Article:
To my understanding, without the genlock, it will be very hard to find the exact delay down to 1000 FPS accuracy.
Like even if Aximmetry would render 1000 fps with a 1000 fps camera, I think it would be humanly impossible to find the exact matching tracking data frame with the incoming video.

Warmest regards,

 
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TwentyStudios
6/2/2022 6:09:06 PM
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@Eifert: That’s not the point I was trying to make. If you interpolate and re-clock the incoming 1000 frames down to the frame rate Aximmetry is working at (which in turn would be locked to the video input from the camera) you would only have to adjust the delays in increments equal to the camera frame rate. For example, in 30 fps you would receive around 33 frames per frame “tick” if the tracking data is 1000 FPS. Instead of throwing away all that data you would interpolate the values down to 30p and read the interpolated value on engine tick (where the engine tick is synced to the camera input). I hope that’s a better explanation of what I’m trying to get across? 

 
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Eifert@Aximmetry
6/7/2022 1:33:51 PM
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Hi TwentyStudios,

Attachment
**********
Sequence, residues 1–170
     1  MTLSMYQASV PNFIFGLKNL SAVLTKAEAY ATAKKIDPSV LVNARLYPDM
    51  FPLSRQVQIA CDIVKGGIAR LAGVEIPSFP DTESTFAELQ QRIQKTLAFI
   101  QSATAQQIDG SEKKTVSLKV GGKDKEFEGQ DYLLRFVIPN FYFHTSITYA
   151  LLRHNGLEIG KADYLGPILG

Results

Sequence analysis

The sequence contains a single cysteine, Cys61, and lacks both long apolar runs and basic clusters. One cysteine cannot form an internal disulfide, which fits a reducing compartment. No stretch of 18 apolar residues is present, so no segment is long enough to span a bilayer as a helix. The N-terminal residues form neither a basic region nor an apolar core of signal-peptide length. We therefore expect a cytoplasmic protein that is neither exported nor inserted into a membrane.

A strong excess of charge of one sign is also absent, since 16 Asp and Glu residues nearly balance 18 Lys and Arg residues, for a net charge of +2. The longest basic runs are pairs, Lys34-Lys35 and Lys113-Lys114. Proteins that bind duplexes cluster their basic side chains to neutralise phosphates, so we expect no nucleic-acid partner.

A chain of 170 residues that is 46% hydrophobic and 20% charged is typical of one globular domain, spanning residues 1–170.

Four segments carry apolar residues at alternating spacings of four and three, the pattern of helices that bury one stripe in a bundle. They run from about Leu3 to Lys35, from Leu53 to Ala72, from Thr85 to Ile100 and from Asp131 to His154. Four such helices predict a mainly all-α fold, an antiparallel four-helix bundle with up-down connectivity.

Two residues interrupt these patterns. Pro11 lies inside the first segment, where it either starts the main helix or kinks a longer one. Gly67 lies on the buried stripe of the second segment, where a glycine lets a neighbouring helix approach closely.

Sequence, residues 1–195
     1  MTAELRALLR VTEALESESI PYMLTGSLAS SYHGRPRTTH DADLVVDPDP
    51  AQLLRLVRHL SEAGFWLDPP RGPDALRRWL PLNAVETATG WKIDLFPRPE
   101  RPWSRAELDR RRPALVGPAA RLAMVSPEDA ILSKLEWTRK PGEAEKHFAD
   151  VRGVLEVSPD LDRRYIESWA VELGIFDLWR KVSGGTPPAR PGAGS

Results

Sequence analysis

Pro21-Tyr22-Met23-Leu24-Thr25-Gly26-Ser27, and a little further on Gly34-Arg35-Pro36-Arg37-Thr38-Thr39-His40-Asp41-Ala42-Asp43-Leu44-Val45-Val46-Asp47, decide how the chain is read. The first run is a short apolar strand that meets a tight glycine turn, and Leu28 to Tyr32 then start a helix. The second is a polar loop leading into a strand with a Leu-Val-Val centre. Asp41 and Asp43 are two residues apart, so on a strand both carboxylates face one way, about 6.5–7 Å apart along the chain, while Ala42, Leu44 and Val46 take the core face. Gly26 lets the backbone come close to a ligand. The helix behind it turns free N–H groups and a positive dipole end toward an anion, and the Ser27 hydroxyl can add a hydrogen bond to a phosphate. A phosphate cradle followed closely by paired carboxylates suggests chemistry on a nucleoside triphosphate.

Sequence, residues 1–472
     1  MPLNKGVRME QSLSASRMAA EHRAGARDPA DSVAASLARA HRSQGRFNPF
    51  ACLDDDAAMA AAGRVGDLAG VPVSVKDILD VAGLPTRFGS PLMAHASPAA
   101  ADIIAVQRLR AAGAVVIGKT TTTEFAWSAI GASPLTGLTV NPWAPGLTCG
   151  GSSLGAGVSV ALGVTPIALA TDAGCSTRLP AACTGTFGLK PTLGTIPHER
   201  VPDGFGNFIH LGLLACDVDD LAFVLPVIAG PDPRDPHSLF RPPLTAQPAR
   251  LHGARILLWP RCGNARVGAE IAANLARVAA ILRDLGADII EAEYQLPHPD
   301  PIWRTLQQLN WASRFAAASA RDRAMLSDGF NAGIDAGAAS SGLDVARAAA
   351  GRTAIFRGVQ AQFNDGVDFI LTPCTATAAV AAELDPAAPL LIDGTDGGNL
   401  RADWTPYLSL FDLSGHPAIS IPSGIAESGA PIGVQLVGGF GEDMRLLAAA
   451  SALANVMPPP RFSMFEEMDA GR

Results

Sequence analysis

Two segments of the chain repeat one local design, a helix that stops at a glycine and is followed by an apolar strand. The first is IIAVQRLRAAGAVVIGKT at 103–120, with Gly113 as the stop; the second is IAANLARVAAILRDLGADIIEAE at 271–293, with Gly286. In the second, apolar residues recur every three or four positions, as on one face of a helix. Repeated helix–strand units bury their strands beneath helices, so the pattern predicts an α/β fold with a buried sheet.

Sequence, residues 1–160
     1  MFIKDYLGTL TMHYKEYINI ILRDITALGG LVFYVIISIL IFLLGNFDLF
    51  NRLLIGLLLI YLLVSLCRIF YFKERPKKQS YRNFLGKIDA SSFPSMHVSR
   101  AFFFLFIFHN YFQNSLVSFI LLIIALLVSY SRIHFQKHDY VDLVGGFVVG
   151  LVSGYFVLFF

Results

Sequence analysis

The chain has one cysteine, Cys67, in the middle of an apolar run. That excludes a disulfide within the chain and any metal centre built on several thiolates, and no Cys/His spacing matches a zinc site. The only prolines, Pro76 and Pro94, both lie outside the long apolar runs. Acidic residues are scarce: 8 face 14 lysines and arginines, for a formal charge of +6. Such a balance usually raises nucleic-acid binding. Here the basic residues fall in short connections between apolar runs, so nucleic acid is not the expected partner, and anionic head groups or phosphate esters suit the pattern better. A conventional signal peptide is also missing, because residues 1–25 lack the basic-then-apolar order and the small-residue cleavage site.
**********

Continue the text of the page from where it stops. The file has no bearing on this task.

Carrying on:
I think I still don't really understand it. What would be the interpolate process? Don't you just want the average of that 33 frames?
If so, that's something probably the tracking system should do or does in the first place.

I thought in my previous post that specifying the right delay that could point to the right frame from the 33 would be the ideal solution. But it is impossible to manually specify the correct delay from that 33 frames. And without genlock, that delay will probably change at every frame with 1000 fps tracking.

Warmest regards,

 
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TwentyStudios
6/7/2022 8:40:36 PM
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While the frame smoothing/interpolation could be done in the tracker, you would then have to genlock it to the camera at the tracker side. 

Interpolation would be more or less an average of neighboring values, similar to how an image is down sampled in image processing. Right now you’re using Nearest Neighbor, just picking whatever value is closest to frame tick in Aximmetry, throwing away all other values. What you could do instead is to calculate a moving average (or moving mean) from all the tracking values and read from that average on tick instead. That way it would be less sensitive to any bad or dropped tracking values. A moving average of 33 positional tracking values per frame wouldn’t add any noticeable lag to the tracking and could reduce jitter without sacrificing responsiveness. 

Does that make sense?

 
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Eifert@Aximmetry
6/9/2022 2:25:57 PM
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Hi TwentyStudios,

It makes sense now.
I am not sure if this would remove jitter in a reasonable way. But I guess at least we could provide access to the unused frames. I added this to our request list.

I think it is very unlikely that a tracking system that can put out 1000 fps tracking will drop or produce bad tracking values. And that it would be fixed by this kind of smoothing.

Warmest regards,